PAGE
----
By Alya Al-Ammari
At the 2016 Qatar Leadership Conference, my fourth QLC experience, I had the pleasure of presenting a workshop on how to start a sustainable charity, as well as participating in some gripping seminars on topics such as women’s empowerment, growth in post-conflict areas, and youth-led initiatives. However, I did not attend with my school. I arrived alone under the generous banner of O-MUN Bahrain for the second year in a row. My only grievance was that my peers, all young and capable students, were missing out on an eye-opening and life-changing experience. I knew this was the case because I lived that experience every fall for the last four years. Once again, the familiar feeling of excitement and restlessness smoldered in my stomach as I ironed my best MUN outfits and nervously applied my makeup on the morning of October 20th 2016. I was well aware that the bus ride to the Qatar National Convention Centre from the Movenpick that day was the interlude between banality and inspiration. By no exaggeration, I knew that the sight of the near-iconic spider peeping over the edge of the escalators from the ground floor meant the beginning of another weekend of stimulus and educated, passionate dialogue. So here are my biggest takeaways from the conference throughout the years, to tell you why your own school needs to be at QLC 2017.
The Qatar Leadership Conference provides people from all walks of life an opportunity for quantitative growth. I arrived at QLC this year as a presenter, a youth leader, a student, and an excited member of Arab society. The conference brought out the best in these four identities. As a presenter, I was given a platform to express my ideas and share with like-minded and ambitious people my experiences in beginning a charity and working towards the goal of sustainability and humanity. I had the chance to open a dialogue between me and Qatari teenagers, a religious scholar, a US Peace Corps representative, and teachers from around the world, in order to elevate the potential of our ideas and make plans to deliver on them. As a youth leader, I was exposed to students who were younger than me, but had similar aspirations as I did at that age, and give them advice on how to approach seemingly unrealistic goals, all the while getting insight on the experiences of other ambitious, driven youth from as far as Taiwan and Malaysia. As a student, I learned from accomplished and engaging presenters a myriad of issues that have global importance while still relating to my life. As a member of Arab society, I was immensely and indescribably proud. However, another student at your own school may tailor their experience at QLC, so they are also learning in the same hands-on way that I did, but about how to flawlessly chair your first council, react in a crisis situation, or lead a Model United Nations conference with an emphasis on collaboration and shared growth. A teacher chaperoning this student is able to attend a Best Delegate Directors’ Workshop on MUN knowledge, debating skills, and organisation. I challenge any participant of the Qatar Leadership Conference to tell me one experience that they benefit from.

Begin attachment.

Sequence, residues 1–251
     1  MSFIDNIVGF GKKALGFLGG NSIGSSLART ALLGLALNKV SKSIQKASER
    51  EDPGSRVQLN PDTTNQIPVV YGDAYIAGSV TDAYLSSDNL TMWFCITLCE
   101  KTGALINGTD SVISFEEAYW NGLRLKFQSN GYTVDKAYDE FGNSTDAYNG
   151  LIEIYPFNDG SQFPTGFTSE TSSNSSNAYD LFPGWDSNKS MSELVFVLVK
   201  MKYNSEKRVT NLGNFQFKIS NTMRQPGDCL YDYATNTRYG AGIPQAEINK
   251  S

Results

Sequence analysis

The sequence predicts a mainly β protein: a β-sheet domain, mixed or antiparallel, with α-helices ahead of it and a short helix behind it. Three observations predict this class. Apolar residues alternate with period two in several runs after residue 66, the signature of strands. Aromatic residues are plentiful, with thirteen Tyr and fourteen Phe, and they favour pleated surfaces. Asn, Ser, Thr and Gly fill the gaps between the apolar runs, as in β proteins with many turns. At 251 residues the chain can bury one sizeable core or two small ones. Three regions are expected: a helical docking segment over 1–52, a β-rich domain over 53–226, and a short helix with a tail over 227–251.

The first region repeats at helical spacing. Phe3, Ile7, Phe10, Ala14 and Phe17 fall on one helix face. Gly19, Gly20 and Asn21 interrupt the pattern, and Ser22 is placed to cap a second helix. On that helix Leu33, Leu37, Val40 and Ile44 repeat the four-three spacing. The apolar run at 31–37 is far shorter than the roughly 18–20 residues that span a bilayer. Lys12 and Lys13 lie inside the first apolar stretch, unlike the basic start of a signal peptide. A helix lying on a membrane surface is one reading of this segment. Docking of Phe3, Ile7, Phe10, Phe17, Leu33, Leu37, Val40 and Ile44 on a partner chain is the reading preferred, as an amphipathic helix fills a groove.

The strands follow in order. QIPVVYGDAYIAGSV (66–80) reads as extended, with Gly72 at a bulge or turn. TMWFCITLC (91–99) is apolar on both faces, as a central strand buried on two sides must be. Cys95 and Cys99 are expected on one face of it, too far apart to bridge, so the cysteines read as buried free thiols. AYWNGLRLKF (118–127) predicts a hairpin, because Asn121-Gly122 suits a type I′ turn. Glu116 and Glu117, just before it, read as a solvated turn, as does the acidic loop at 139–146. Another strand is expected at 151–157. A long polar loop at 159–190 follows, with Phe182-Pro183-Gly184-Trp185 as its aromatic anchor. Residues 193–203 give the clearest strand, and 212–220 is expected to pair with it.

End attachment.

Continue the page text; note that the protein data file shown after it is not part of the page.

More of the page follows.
As a fourteen-year-old, coming to this conference ignited a sense of initiative in me that has not wavered since then. I believe that this is due to my exposure to the powerful, driven, young people that this conference celebrates. I had access to interesting and relevant presenters that promoted ambition and hard work in a way that was integral to my school life later on. These positive role models were relatable in a way that celebrities aren’t, where they have started in the same place as you, have grown up and made a name for themselves. I keep people like Salam Kaedan, Olaoluwa Abagun, Oliver Percovich, Khalid Al Ameri, and Ibrahim Kazzaz in mind when I feel overwhelmed and unmotivated by schoolwork. The examples that QLC presenters offer young students are exceptional and inspiring. They have personally touched my life in a way that cannot be replicated in a classroom, but is so integral to that particular environment. To be able to listen, meet, and converse with determined young people has been an invaluable contribution to my attitude towards school and work.
Walking into the Qatar Leadership Conference year after year only to be more excited, engaged, and roused every time is a strange experience. Although I am already a very diligent person, the level of motivation I feel after leaving these conferences surprises me. I return to school wishing that I had my friends with me learning about global conflicts and solutions, and my teachers to gush to about keynote speakers and presenters. The fuel the QLC can give its participants is incredibly rewarding and should be shared among peers and educators. We in the Gulf are lucky to have this conference pop up on our doorstep every year and schools have the opportunity to take full advantage of the resources it presents. From one seasoned QLC participant- and now presenter- to the next generation: urge your school to join, the gravity of the lessons you learn and the significance of its purpose will surprise you, then thrill you.